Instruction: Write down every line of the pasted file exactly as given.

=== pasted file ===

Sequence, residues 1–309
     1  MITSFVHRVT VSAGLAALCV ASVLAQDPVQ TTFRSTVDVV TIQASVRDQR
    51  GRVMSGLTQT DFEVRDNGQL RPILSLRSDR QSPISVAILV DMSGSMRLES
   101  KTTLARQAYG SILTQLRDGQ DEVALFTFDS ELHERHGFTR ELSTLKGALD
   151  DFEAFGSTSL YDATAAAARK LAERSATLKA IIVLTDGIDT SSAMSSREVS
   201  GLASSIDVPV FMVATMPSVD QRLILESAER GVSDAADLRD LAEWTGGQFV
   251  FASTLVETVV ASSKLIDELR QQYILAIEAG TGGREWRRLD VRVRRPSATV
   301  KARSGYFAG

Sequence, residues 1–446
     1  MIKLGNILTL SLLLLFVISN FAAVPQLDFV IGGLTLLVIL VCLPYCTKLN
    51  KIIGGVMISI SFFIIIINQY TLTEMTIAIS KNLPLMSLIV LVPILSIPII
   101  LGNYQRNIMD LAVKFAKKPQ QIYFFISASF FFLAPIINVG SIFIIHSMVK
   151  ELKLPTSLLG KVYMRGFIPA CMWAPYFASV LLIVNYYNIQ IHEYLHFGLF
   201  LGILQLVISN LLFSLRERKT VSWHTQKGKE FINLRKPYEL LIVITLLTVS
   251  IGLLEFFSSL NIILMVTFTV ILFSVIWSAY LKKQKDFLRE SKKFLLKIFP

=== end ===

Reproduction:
Sequence, residues 1–309
     1  MITSFVHRVT VSAGLAALCV ASVLAQDPVQ TTFRSTVDVV TIQASVRDQR
    51  GRVMSGLTQT DFEVRDNGQL RPILSLRSDR QSPISVAILV DMSGSMRLES
   101  KTTLARQAYG SILTQLRDGQ DEVALFTFDS ELHERHGFTR ELSTLKGALD
   151  DFEAFGSTSL YDATAAAARK LAERSATLKA IIVLTDGIDT SSAMSSREVS
   201  GLASSIDVPV FMVATMPSVD QRLILESAER GVSDAADLRD LAEWTGGQFV
   251  FASTLVETVV ASSKLIDELR QQYILAIEAG TGGREWRRLD VRVRRPSATV
   301  KARSGYFAG

Sequence, residues 1–446
     1  MIKLGNILTL SLLLLFVISN FAAVPQLDFV IGGLTLLVIL VCLPYCTKLN
    51  KIIGGVMISI SFFIIIINQY TLTEMTIAIS KNLPLMSLIV LVPILSIPII
   101  LGNYQRNIMD LAVKFAKKPQ QIYFFISASF FFLAPIINVG SIFIIHSMVK
   151  ELKLPTSLLG KVYMRGFIPA CMWAPYFASV LLIVNYYNIQ IHEYLHFGLF
   201  LGILQLVISN LLFSLRERKT VSWHTQKGKE FINLRKPYEL LIVITLLTVS
   251  IGLLEFFSSL NIILMVTFTV ILFSVIWSAY LKKQKDFLRE SKKFLLKIFP